Tuesday September 30, 2014





The elephant in the room on Ajax mine issue

In my conversations with people regarding the Ajax Mine, regardless of whether they are for or against, it is clear that no one is against all mining. It's what we do as Canadians across the country.

Sometimes it's done well and sometimes it isn't. However, that's not the point for Kamloops. Here the issue is clearly based on the question “do you locate a very large open pit operation of 10 sq. miles within a city boundary and on top of a substantial urban population of 90,000?”

Those who are for the Ajax Mine use as their overriding justification the 300 or so jobs the mine will create. Those who are against often among other things site the degradation of our environment and compromised health issues arising. There is an “elephant in the room' that lurks behind the conversations for or against.

Proponents of the mine see it as a “zero sum game.” It’s as if everything about Kamloops will stay the same except there will be 300 more jobs.  However, no one is seriously raising the question "How many jobs will disappear?"

Will our university population of 7,500 local and international students stay the same in the face our new “mining town” brand? Will the best faculty and administrators choose Kamloops? We compete against many other post secondary institutions across the province and community lifestyle is a significant consideration for students and faculty alike.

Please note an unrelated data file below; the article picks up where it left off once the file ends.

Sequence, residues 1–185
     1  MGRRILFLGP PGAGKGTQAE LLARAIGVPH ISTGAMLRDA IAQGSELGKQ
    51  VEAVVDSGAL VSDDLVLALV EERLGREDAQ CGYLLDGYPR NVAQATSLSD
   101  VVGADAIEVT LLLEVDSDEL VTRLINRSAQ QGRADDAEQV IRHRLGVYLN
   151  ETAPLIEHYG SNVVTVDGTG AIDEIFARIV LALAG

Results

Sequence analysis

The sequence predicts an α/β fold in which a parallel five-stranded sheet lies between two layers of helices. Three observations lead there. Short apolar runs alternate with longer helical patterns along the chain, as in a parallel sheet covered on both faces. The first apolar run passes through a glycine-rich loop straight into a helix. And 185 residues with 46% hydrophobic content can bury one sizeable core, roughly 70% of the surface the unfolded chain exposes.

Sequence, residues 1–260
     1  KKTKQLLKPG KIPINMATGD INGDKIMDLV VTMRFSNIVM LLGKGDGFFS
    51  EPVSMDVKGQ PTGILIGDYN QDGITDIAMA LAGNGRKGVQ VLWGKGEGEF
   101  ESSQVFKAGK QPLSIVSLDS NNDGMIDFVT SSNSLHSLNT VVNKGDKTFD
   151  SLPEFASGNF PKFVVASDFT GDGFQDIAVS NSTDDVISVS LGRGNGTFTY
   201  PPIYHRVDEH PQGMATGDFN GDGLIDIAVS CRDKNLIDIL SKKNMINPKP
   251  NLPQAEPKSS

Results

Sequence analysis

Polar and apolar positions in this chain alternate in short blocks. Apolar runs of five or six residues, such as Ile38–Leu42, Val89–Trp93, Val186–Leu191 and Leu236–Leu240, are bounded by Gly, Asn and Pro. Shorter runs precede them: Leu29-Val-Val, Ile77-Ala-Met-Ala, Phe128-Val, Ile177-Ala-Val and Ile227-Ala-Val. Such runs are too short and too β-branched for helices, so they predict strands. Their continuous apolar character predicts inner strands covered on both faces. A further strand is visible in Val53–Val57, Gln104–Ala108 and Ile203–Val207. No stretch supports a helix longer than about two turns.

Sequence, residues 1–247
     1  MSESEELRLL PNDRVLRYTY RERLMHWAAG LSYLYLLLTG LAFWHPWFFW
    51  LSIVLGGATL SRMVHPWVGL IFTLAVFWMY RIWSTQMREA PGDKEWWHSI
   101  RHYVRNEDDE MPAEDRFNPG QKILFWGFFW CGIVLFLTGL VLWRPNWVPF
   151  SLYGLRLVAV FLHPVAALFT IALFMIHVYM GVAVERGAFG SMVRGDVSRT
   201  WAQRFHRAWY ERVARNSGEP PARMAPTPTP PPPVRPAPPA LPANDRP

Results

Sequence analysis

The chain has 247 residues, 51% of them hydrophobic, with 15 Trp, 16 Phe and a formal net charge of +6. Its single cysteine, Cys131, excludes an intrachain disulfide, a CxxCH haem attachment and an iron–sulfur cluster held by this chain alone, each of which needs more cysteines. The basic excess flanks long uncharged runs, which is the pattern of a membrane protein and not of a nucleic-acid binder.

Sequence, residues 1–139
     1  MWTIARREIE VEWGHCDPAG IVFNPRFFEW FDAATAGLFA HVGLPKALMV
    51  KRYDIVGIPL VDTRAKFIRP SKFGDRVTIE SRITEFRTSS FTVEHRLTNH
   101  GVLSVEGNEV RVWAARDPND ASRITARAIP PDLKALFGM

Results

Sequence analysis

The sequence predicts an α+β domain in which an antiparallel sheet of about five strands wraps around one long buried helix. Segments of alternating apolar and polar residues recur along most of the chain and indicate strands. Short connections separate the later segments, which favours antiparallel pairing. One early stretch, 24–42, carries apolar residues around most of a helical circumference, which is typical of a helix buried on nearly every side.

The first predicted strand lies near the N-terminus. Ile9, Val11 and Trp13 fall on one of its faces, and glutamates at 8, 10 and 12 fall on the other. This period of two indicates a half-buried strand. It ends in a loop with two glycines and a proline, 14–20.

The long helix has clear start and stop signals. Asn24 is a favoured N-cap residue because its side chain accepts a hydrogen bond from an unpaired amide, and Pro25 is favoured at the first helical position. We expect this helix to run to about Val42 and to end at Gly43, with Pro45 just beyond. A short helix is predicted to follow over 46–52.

Will the “tournament capital” with its exceptionally developed infrastructure throughout the city still be as attractive for large groups of athletes and their families? Organizers of national and provincial events may give pause to their choice when faced with the new Kamloops and its air quality issues.

Retirees, whose location choices for their senior years have much to do with lifestyle issues and available services, often bring substantial expertise and financial resources to a community. The mine will definitely discourage people choosing to move here to retire or stay after they retire.

I'm sure the conversation among health care professionals is whether Kamloops will remain an attractive place to practice and raise their families. We saw what happened when physicians raised their significant concern about the ACC incinerator proposal.

Kamloops, by virtue of its central location in the province has attracted business entrepreneurs and leaders. They, too, look at a variety of factors when making business decisions to locate in a community and the “mining town” brand that will dominate Kamloops will influence their decision for better or worse.

The Kamloops area has developed over the years into a destination location for lifestyle, climate, tournaments, regional fishing lakes, Sun Peaks, large bodies of water for boating and holidays and cultural and sporting events. Kamloops has come to be seen as much more than railways and a pulp mill.

You can be sure that the location of one of the largest open pit copper mine in the country on our doorstep will have a lasting impact on all aspects of our community. It's the law of unintended consequences.

I encourage the citizens of Kamloops to consider the “elephant in the room.” If the mine goes in, how many jobs will disappear, not all at once but over time?'

BILL MARTIN

Kamloops





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